Jo Walton, “The Just City” (2015) (read aloud by Noah Michael Levine) – This is a weird one! A compelling premise: the goddess Athena uses time travel to try to create “the just city” as described in Plato’s “Republic”! She finds three hundred Platonist “masters” from across time, including his names such as Cicero and Marsilio Ficino (no word on if Leo Strauss made the cut- he may never have prayed to Athena, which was part of the deal). She buys ten thousand and change slave children who can speak Greek! Her masters raid time for books and inspiring works of art, and they get some robots to do a lot of grunt work. They set up on the Mediterranean island that would inspire the Atlantis myth, way back BC, and then they just go to town!
Jo Walton, a stalwart of the scifi/fantasy world with numerous acclaimed books to her name, gives us three viewpoint characters. One is Maia, who starts out as a classics-loving Victorian spinster and gets zapped to the Just City to become a Master. The one who gets the most screen time is Simmea, who we see go from a terrified slave girl to one of the Guardians destined to become a philosopher queen. And then there’s a few chapters from the perspective of Apollo, who consults with Athena about her scheme and, for reasons of his own, manifests as a mortal child and gets picked up into the city to be raised with the other kids.
I’m all about people with too much power and too many ideas trying to instantiate their loopy visions and stepping on the rake of circumstances. This is sort of that. Really, things go better for our Platonist friends than you’d have any reason to expect. Sure, it’s hard to keep 10,080 (Plotinus insisted, it’s a magic number) ten year olds in line, but it’s easier when you have robots to help, and the kids are grateful for not being slaves anymore (mostly). The kids develop mind, body, and soul in the Plato-approved pattern. They live in beautiful gardens and dorms named after “the great cities of civilization” with artworks time-zapped to the island before they got destroyed (one wonders what artworks they grabbed for “Novus Erboricum” — all Latin and Greek here! — before the big apple bought it, or if it wasn’t considered “civilized” enough). Life’s not too bad.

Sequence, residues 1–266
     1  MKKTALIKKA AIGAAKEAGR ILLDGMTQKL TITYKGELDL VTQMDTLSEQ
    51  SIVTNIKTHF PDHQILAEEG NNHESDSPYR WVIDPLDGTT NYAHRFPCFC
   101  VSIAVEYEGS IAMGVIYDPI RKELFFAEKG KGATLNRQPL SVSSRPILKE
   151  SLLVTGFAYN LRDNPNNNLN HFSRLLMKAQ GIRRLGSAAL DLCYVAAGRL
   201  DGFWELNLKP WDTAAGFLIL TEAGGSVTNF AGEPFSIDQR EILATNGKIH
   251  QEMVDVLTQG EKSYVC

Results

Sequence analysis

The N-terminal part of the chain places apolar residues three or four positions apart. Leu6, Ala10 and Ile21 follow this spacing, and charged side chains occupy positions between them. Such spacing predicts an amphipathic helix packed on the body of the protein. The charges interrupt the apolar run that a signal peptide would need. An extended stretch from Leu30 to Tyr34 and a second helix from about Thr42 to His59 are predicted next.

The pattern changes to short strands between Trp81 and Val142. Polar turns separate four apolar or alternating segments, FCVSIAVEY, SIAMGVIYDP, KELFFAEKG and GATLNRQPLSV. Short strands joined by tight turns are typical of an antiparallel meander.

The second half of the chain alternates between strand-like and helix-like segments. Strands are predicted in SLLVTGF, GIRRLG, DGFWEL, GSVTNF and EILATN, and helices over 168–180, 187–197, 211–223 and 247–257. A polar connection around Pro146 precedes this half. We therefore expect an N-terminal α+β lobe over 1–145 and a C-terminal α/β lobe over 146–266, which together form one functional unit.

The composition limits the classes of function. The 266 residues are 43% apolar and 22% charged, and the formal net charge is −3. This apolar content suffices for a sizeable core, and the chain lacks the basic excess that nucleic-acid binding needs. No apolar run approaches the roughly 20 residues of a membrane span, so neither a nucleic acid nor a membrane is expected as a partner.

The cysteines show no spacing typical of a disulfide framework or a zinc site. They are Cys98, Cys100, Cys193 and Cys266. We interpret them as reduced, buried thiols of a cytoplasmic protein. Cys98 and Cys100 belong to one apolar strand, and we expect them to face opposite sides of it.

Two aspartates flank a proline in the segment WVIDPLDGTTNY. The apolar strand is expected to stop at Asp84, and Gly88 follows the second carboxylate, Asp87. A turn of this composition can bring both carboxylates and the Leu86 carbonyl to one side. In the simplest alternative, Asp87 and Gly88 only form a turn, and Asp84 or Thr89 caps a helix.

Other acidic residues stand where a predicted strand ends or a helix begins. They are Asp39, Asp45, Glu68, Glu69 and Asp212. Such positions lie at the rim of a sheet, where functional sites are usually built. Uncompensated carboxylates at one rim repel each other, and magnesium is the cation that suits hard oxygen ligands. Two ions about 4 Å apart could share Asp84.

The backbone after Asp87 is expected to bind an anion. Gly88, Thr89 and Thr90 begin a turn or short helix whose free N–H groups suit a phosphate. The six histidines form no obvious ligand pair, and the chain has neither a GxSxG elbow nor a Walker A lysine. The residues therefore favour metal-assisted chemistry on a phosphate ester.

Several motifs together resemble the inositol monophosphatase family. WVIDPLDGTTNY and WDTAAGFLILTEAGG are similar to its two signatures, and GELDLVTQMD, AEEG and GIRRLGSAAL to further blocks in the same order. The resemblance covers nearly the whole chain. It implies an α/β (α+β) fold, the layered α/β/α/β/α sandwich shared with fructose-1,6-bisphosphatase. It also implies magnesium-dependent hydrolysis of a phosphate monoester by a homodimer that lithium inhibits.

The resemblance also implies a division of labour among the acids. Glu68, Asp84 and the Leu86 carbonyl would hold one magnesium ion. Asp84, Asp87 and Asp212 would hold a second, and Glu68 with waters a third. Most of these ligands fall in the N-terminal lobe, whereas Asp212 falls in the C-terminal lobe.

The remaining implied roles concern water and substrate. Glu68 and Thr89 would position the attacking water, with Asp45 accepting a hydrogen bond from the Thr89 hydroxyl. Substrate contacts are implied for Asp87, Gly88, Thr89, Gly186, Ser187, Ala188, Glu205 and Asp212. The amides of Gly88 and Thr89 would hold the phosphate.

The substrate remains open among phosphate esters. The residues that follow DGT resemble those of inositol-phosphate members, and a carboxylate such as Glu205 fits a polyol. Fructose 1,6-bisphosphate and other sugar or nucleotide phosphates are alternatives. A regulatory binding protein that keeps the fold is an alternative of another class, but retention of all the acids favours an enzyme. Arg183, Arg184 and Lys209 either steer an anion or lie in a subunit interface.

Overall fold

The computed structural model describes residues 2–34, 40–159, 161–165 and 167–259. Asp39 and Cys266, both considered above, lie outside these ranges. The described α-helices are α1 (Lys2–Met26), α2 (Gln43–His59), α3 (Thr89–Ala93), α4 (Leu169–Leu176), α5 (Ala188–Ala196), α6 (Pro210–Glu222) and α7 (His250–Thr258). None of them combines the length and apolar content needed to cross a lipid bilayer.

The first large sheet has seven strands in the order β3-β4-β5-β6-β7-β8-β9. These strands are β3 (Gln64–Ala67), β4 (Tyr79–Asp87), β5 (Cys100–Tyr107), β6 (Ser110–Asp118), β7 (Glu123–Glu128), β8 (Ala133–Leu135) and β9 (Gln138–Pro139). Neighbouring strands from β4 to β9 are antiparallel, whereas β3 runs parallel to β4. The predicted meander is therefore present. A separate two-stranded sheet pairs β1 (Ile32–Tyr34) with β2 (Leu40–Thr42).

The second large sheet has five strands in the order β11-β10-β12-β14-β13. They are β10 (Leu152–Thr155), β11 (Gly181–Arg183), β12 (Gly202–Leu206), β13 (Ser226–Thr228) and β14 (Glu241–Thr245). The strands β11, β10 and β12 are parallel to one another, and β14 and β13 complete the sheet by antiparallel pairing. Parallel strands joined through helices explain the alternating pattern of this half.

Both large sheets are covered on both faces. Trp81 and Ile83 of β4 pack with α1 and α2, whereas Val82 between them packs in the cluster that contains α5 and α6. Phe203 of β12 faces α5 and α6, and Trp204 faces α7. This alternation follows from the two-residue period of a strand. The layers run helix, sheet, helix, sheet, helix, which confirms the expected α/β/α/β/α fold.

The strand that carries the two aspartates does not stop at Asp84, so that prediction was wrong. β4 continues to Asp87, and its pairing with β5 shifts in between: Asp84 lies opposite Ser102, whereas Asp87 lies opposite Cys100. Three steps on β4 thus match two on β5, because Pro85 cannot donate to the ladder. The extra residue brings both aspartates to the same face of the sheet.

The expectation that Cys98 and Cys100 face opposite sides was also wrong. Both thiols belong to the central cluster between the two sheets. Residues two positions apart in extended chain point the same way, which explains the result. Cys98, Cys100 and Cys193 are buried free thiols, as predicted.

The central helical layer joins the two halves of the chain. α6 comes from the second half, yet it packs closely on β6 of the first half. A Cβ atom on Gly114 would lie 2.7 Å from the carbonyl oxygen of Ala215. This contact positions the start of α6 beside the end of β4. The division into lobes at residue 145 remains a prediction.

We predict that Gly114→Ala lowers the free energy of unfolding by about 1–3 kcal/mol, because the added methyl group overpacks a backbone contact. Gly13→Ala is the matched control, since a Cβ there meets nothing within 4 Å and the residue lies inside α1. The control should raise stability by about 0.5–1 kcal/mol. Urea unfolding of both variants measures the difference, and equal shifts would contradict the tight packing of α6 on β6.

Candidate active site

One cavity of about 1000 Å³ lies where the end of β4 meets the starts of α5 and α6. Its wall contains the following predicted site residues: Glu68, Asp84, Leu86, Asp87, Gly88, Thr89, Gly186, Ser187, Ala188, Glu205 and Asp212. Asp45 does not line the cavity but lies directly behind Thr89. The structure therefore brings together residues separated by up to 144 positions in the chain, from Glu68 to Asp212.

But there’s questions… questions of freedom. I try not to reduce these reviews to ideological critique. And I try to appreciate what various ideologies can bring to the literary table. I think it’s fair to say that Walton hails from the moderate wing of the geek liberalism that dominates the speculative fiction field, comfortable within its walls but always peering over them at the wild chuds outside, after winning the “puppygate” conflicts a few years back (around the time “The Just City” was being written). Truth be told, a lot of these people are sore winners, quite capable of being as vindictive — complete with internet harassment campaigns — towards people who don’t toe their line as the “puppie” factions were. We used to associate extreme behavior with fans of extreme culture. Now, the nastiest fuckers fight and fuck people over for anodyne culture: for SUVs and child beauty pageants on the chud right, for Whedon quipfests and corporate pride on the useless liberal center. Weird time.
Anyhoo! I don’t know how much any of that is Walton’s scene- her big intervention during the Puppygate era was an extended series of essays on the Hugo’s histories, which I dipped into and found even-handed and completist- old-school geek virtues, and the woman is an old-school geek. The point is, the questions in this book circulate around a framework that I think manages to, at one and the same time, speak to the issues of freedom such an experiment would involve, place her firmly in the zeitgeist of the contemporary geek-liberal camp, and also miss a fair a few points while really “grokking” others.
This, of course, is consent. Apollo joins the project because he doesn’t get why a nymph would disdain his attentions so bad she’d pray to his sister, Artemis, to become a tree. Artemis doesn’t say, so he incarnates as a human boy to play Athena’s game. The slave kids might be “free” once the masters buy them- but A. the masters still buy slaves, supporting the Mediterranean slave market and B. the kids can’t leave, or really go against the masters’ platonic program. Most of them don’t want to, but some of them do, and more and more of them resent the program as they get older. Some of the masters don’t get consent very well, as an encounter between Maia and a Renaissance figure shows, in a harrowing scene that doesn’t seem to amount to much after it happens?